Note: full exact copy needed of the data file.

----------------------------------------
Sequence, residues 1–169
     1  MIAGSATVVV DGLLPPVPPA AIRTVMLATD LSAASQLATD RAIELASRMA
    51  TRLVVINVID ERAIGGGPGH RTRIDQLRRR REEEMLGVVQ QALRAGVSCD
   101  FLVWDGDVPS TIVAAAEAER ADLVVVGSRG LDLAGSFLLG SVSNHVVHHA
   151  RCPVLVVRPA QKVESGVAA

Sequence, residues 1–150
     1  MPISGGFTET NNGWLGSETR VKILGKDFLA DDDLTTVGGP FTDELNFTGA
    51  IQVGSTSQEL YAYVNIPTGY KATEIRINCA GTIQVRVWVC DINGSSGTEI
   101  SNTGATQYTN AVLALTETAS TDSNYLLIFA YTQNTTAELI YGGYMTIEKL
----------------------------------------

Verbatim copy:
Sequence, residues 1–169
     1  MIAGSATVVV DGLLPPVPPA AIRTVMLATD LSAASQLATD RAIELASRMA
    51  TRLVVINVID ERAIGGGPGH RTRIDQLRRR REEEMLGVVQ QALRAGVSCD
   101  FLVWDGDVPS TIVAAAEAER ADLVVVGSRG LDLAGSFLLG SVSNHVVHHA
   151  RCPVLVVRPA QKVESGVAA

Sequence, residues 1–150
     1  MPISGGFTET NNGWLGSETR VKILGKDFLA DDDLTTVGGP FTDELNFTGA
    51  IQVGSTSQEL YAYVNIPTGY KATEIRINCA GTIQVRVWVC DINGSSGTEI
   101  SNTGATQYTN AVLALTETAS TDSNYLLIFA YTQNTTAELI YGGYMTIEKL